“The crop calendar is the whole cropping structure,” said Shahab Uddin, an agronomist from DAE. “Starting with seed selection, then seed soaking and germination, then putting in the seed bed, then transplanting for rice. Then more management practices and harvesting and post-harvest activities.”

“In all these areas, we need climatic information. In the vegetative growth phase, we need rainfall and temperature information. In the reproductive phase of rice, we need humidity,” Uddin said. “Because if it is hot and humid, then more insects will come. But then farmers will take preparations to protect their crop from attack.” He said DAE plans to use the crop calendar to teach farmers how agricultural activities and climate information are connected.

Moving forward, close collaboration between BMD and DAE will be essential to continue to develop effective climate services for agriculture in Bangladesh. Enhancing this type of collaboration is a goal of the newly created Bangladesh Academy for Climate Services, which grew out of ACToday project consultations with BMD, DAE, CIMMYT and the International Center for Climate Change and Development (ICCCAD).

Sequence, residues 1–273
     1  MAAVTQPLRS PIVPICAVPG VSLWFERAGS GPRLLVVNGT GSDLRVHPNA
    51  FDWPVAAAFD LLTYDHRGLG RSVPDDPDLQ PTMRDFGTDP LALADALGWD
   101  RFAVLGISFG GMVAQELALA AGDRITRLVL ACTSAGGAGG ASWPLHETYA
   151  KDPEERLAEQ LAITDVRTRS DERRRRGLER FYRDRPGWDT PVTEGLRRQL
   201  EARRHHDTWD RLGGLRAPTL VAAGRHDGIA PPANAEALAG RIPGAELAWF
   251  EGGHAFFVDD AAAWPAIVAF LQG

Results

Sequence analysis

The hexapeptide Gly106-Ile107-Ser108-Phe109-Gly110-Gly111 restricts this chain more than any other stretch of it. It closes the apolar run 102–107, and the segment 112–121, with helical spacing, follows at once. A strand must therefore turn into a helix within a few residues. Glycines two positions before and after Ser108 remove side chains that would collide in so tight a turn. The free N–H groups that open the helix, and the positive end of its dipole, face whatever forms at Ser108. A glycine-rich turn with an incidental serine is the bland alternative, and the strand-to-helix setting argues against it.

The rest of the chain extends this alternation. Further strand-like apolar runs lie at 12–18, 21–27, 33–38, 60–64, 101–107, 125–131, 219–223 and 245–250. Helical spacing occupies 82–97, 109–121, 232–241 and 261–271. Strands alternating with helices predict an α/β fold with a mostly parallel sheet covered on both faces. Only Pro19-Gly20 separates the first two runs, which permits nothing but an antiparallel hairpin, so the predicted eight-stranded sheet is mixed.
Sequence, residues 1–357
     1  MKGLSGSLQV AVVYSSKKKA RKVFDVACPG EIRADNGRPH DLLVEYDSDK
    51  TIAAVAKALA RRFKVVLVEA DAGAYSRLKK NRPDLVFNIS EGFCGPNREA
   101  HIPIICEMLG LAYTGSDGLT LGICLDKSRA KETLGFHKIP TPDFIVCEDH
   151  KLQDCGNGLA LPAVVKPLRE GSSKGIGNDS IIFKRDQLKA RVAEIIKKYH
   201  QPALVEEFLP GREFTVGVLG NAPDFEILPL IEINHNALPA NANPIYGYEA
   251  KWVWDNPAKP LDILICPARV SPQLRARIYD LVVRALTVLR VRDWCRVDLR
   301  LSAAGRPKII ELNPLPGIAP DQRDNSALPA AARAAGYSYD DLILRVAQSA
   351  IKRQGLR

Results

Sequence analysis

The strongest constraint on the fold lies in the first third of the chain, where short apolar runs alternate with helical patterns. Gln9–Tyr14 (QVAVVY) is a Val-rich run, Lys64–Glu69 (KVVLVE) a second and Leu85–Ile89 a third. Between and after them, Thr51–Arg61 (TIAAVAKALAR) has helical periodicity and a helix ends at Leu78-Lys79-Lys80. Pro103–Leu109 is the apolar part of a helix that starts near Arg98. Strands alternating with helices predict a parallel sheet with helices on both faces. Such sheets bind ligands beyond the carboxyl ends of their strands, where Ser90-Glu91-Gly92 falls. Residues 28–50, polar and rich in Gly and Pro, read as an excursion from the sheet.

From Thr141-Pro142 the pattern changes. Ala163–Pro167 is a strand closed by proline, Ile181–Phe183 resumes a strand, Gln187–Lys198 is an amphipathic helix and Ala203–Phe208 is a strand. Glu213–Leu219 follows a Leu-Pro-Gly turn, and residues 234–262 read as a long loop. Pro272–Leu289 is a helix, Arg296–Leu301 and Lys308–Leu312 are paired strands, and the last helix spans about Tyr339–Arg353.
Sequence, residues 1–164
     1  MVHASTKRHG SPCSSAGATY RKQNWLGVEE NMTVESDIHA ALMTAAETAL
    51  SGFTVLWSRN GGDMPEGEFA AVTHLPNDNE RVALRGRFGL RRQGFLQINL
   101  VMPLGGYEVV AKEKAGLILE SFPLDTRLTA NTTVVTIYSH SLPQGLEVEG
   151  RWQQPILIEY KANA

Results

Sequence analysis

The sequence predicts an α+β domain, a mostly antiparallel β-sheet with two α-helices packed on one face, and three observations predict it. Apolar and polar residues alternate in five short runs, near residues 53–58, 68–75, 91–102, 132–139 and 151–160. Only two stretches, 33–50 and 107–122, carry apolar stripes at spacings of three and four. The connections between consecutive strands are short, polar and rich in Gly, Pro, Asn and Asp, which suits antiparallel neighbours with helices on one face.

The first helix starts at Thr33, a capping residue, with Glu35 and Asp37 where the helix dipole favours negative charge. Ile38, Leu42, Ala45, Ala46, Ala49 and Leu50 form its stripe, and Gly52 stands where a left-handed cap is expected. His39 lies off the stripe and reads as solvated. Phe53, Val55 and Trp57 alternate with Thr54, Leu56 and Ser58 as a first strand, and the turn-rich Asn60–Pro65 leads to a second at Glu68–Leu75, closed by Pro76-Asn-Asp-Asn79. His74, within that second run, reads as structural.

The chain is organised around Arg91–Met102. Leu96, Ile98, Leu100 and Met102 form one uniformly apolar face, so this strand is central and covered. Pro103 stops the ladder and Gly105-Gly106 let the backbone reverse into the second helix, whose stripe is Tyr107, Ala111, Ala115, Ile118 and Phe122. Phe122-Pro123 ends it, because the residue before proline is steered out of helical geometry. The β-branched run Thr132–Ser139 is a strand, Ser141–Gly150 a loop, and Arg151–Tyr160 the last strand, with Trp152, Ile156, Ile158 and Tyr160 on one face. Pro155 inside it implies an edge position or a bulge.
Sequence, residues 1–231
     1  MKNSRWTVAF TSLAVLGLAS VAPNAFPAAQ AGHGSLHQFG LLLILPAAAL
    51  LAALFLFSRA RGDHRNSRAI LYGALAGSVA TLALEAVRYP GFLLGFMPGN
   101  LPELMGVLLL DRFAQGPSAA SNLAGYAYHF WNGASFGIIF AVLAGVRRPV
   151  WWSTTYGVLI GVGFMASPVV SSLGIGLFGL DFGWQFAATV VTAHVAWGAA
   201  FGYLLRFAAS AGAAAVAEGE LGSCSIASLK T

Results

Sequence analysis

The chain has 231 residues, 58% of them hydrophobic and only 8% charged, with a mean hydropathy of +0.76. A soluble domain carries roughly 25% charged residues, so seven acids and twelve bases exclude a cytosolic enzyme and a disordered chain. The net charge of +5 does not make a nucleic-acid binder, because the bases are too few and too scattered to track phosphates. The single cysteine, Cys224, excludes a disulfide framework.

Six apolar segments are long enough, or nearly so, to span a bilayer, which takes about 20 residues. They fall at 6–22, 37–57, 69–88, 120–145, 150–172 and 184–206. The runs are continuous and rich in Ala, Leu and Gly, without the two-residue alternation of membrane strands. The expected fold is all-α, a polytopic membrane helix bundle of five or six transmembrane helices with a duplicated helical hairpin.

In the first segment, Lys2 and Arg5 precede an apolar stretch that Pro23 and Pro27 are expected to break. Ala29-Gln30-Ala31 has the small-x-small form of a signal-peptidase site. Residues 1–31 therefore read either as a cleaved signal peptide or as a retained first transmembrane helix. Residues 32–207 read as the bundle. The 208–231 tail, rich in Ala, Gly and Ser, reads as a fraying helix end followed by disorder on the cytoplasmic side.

Such collaboration is easier said than done, said Timothy Krupnik, an agronomist at the International Maize and Wheat Improvement Center (CIMMYT) and CSRD Project Leader. “There aren’t incentives for cross-ministry, cross-department collaboration in Bangladesh,” he said. “But collaboration can add a significant value that we are working with IRI, BMD and DAE to strategically leverage for impact, ultimately benefiting farmers by merging agronomy with climate and extension science.”

DAE and BMD have been meeting together twice a month to coordinate activities since the November training, and experts from both departments said the joint workshop at IRI in March helped deepen the bond between the departments. “When both departments are involved in a meeting or workshop,” Uddin said, “there is more integration and it is more effective.